Linux For Poets

Linux for Busy People

I have been a rather boring nerd lately. I am still a nerd, loving Linux, but I haven’t been doing a lot of twiddling, which doesn’t make for many exciting blog posts. But also, it’s kind of the point of an operating system: to just do your work and not have to fiddle with the OS itself. So I decided to write about boring Linux use.

Flowers on a tree I planted when I wasn't at the computer

Another thing about Linux daily use: people worry about distros too much. Because once you get over the novelty, distros don’t matter that much. Sure, there are differences, but in day to day use, how much difference is there from one to the next? You need it to be stable, and you need to know how to install software, and the workflow varies based on Desktop Environment, like Gnome vs Mate vs XFCE, vs a tiling window manager. But once you’re settled in, it’s about the software you’re using, not the operating system. If it is still about the operating system, it probably means that it’s causing problems, (or because you’re nerding out so hard on your OS, which I would understand) because the OS is supposed to get out of the way and let you do your work. So I don’t object to distro reviews, certainly, but I think we should have more software reviews to help with that side of Linux use. At the end of the day, you need the right software to do your actual work. Which is one way to help more people adopt Linux and Free Software - make it accessible and make it easier to find software that will get the work done. Massive strides have been made in this direction mind you, which is beautiful. This is a testament to how much progress that Linux for desktop has made, that there are so many good distros that any person can just run with.

That is why I tend to be more interested in software than Linux distributions these days. I love hearing about other peoples’ favorite software, so I can only assume that feeling is universal.

Here’s the current rundown. It’s working well.

Distro: Ubuntu Mate 19.10

I recently did the built in upgrade from 19.04, using the Update Manager. It was easy and painless. [Except for this glitch: I didn’t have the upgrade show up as an option right away, in spite of having the Software & Updates setting for “Notify me of a new Ubuntu Version” set to “For any new version.” I had to run the terminal command “update-manager -c” or “update-manager -d” (can’t remember which one did the job) to get it to load the Update Manager with the option to upgrade. I don’t know why.] I did a backup of course, but nothing untoward happened. I can’t really tell the difference, except 19.10 is faster. So that’s great.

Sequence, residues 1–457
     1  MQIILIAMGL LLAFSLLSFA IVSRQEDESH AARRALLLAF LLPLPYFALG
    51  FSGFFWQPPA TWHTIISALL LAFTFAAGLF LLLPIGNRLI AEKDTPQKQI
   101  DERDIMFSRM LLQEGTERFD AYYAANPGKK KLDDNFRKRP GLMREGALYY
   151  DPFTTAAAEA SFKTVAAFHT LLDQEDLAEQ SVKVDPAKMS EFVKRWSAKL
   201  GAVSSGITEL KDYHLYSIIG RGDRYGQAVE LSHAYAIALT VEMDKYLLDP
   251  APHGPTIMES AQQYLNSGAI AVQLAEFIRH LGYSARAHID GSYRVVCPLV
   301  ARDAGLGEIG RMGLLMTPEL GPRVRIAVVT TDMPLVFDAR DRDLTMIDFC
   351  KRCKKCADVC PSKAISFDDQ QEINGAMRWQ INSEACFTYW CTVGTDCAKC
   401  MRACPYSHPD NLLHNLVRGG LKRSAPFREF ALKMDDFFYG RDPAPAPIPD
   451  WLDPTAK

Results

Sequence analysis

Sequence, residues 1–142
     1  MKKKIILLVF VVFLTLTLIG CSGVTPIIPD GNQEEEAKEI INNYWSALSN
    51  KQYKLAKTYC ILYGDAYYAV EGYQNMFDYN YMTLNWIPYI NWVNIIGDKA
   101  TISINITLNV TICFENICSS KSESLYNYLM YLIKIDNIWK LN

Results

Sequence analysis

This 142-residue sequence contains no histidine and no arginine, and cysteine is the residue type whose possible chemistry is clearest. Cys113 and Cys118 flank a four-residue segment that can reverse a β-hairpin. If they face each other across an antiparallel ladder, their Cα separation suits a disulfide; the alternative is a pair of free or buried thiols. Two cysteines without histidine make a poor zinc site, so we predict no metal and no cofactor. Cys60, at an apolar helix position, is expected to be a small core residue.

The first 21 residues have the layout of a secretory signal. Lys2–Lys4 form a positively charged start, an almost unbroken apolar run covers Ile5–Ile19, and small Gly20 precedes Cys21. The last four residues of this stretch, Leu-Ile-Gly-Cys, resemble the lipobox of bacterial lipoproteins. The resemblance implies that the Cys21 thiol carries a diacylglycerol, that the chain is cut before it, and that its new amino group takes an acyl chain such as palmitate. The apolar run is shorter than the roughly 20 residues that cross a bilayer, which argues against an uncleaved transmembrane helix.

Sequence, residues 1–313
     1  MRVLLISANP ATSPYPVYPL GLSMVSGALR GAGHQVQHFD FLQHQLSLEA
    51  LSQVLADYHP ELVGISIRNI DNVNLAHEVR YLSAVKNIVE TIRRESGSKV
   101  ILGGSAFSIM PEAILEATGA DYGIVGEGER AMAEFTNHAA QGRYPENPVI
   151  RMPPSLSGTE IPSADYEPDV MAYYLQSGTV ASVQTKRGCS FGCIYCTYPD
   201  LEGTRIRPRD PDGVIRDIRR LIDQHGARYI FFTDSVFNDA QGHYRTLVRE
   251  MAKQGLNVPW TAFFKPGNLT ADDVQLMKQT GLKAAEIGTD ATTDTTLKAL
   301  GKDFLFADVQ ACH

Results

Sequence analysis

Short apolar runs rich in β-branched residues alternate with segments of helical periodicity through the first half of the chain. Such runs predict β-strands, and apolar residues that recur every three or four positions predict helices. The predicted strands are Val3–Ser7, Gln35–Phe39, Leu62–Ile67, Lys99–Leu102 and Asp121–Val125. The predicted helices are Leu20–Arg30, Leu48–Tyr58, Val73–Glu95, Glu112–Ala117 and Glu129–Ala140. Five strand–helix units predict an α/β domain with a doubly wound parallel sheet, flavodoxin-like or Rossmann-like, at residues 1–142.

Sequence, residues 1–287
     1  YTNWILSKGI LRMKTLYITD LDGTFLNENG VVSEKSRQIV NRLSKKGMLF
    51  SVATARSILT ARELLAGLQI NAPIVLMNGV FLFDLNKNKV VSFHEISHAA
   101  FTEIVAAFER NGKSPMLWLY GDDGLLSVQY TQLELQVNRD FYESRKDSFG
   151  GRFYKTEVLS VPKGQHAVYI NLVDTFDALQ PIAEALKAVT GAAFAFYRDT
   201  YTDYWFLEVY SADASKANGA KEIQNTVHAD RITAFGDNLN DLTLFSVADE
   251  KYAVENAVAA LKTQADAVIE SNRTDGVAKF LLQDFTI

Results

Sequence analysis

Maybe I’m a creature of habit, but I like using the Mate desktop. I spent a few months on Pop OS with their Gnome desktop, and it was nice and very pretty, but it slowed down over time and wasn’t as responsive as I wanted. So I want back to Mate. Not dissing on Gnome, but I keep trying because Gnome is pretty, but then going back to Mate.

[Desktop Environment Rant: The main thing I want from a desktop environment is to press the menu button and have a searchable application menu pop up instantaneously. A half-second lag is way too long. And almost everything else about a DE is details for me. I have 16 GB of RAM on this machine, it has no business having any delay in the desktop. Hence my love of “lightweight” desktops, but I think all desktops should be lightweight. A desktop environment should run fast on a machine with way less RAM than mine.]

Helping Your Eyeballs:

Redshift or Night Light

Oh my gosh. I can’t use my computer without this. The regular light spectrum of a computer monitor is blinding and painful to me now. I use Redshift all the time, not just at night. When I was using Pop OS it came with Night Light through Gnome, and that worked well. On Mate I use Redshift, and that works well. I did have to edit the config file which took a minute, but the instructions are pretty clear on the web site, and once it’s set up, it works great.

## Writing

### Zim